Since the weather in Minnesota is frightfully cold right now, we will take a moment to gloat about our year-round gardening potential in sunny Ethiopia.
We recently took an ‘herbal training’ from a 3rd-year Peace Corps Volunteer, Emily. She taught us how to make an herb spiral garden, which, like the name implies, is a circular garden of herbs designed to use gravity, sun position, and drainage in a limited space. The design allows water to drain slowly from the top center toward the outer bottom. The top is dry and sunny, while the bottom is moister. So, herbs which like well-drained soil are placed near the top, while herbs needing more water are placed at the bottom. Herbs that like sun are placed in the south, and so on.
To build an herb spiral, you will need:
- Large rocks, bricks, wine bottles, whatever you have
- Herb seedlings or seeds
Step by Step:
Select a sunny location and mark off a 2 meter x 2 meter area. Then lay the large rocks (or bricks or bottles), starting in the center and spiraling out in an elliptical shape.
Fill in the areas with dirt and compost, then repeat the process, building the spiral upwards. If your soil is sticky and clay-like, add some sand for better drainage.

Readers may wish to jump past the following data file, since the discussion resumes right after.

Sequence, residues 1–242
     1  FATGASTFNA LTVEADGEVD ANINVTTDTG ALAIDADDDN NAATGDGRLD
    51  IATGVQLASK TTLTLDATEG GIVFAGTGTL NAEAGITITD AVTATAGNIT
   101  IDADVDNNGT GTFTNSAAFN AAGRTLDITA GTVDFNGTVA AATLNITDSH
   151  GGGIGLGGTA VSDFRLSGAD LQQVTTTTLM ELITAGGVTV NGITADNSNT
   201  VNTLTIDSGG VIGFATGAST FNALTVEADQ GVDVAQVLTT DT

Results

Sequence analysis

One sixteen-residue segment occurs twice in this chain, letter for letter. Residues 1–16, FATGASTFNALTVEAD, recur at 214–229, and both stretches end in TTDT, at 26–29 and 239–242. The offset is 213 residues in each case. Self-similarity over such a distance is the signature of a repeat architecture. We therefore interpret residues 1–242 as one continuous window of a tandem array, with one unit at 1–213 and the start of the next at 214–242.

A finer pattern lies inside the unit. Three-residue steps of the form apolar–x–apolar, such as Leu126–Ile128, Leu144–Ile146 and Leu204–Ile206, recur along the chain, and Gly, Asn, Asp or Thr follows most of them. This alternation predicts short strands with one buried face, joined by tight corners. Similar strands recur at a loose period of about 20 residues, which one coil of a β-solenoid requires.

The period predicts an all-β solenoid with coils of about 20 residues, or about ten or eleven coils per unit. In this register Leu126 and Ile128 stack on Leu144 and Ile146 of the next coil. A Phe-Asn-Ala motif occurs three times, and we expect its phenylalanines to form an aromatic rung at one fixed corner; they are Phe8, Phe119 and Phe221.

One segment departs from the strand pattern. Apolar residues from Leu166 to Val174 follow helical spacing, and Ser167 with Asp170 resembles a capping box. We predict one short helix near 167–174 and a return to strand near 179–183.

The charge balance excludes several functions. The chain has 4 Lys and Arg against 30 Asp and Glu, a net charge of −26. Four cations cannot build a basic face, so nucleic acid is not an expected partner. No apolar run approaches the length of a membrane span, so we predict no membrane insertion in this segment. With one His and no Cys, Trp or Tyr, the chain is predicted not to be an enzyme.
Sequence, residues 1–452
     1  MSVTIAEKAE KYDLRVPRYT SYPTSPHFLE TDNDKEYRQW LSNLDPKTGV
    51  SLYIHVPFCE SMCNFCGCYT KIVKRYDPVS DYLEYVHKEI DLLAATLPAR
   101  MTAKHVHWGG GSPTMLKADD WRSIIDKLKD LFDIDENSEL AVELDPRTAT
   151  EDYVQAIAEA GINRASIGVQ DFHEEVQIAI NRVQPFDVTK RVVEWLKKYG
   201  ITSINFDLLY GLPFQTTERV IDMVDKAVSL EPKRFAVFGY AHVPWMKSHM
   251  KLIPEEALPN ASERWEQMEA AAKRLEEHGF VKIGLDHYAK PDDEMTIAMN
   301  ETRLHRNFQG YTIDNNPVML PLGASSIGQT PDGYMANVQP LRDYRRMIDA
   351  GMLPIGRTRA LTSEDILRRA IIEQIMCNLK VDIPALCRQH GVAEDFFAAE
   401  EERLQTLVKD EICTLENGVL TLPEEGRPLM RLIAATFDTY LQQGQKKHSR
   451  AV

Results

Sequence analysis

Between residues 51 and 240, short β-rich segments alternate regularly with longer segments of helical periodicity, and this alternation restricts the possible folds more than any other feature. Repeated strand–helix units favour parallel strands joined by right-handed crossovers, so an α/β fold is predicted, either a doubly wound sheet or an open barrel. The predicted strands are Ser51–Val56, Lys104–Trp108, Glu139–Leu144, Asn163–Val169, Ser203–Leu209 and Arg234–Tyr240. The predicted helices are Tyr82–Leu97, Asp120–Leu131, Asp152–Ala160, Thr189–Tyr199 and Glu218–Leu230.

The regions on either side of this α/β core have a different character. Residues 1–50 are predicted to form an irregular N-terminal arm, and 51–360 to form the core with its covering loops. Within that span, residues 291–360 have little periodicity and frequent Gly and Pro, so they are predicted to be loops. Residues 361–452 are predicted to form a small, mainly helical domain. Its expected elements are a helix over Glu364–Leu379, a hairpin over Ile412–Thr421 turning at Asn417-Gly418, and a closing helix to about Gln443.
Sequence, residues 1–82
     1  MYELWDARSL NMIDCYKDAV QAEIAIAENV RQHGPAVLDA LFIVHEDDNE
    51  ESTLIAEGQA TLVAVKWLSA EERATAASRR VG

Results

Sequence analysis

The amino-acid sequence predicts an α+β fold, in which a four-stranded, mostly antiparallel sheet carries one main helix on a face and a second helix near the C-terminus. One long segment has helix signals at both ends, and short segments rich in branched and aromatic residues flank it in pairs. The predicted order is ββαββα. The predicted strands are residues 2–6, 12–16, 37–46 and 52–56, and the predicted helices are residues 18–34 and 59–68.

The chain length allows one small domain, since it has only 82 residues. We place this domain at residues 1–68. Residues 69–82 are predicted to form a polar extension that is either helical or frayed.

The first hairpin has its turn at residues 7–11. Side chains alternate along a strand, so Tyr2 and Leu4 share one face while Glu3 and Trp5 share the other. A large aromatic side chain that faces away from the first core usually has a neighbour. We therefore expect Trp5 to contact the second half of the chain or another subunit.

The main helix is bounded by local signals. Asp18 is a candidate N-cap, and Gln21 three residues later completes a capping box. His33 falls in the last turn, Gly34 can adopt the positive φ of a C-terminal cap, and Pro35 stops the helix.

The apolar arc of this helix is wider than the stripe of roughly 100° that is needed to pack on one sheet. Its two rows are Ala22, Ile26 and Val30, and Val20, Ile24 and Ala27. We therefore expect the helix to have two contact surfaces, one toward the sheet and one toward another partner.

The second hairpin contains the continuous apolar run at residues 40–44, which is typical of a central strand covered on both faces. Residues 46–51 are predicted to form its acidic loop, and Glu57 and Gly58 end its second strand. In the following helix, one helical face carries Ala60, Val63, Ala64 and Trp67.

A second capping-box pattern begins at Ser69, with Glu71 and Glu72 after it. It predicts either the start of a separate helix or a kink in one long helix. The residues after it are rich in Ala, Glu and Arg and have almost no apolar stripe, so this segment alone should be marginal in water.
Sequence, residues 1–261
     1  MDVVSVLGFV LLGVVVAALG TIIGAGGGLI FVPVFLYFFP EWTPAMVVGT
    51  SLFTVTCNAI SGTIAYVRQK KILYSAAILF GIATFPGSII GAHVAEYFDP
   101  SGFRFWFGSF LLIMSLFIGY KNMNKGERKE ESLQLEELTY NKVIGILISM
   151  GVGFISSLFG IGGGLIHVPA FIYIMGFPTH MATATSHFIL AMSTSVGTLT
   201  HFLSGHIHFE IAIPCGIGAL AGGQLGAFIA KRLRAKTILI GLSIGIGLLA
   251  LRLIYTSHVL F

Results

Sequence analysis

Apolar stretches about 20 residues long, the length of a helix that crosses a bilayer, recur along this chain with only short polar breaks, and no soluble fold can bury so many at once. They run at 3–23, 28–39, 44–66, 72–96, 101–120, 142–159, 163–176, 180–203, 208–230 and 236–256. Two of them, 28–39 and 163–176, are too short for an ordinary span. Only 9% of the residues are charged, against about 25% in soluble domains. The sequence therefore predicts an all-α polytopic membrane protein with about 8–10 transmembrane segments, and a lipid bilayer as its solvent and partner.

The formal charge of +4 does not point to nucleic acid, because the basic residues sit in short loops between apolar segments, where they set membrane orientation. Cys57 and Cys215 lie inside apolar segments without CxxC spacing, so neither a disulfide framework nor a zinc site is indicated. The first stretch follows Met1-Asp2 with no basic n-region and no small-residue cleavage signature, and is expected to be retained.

The center should get to be about 3 feet tall and gradually slope downwards from the top to the bottom.
Plant the herbs according to their preferred climate. Consider the height of neighboring herbs, the position within the spiral, and the moisture level. Here is some guidance:
Dry: Borage, Chamomile, Chicory, Cilantro, Cumin, Fennel, French marigold, Garlic chives, Hops, Hyssop, Lavender, Marjoram, Nasturtium, Oregano, Rosemary, Saffron, Sage, Sweet basil, Tansy, Tarragon.
Moist: Chamomile, Comfrey, Lemon balm, Mint, Parsley, Watercress.
After planting the herbs and seeds, water everything well. When you are finished, marvel at the beauty!
For additional reading about herb spirals, check out:
|After 1 month|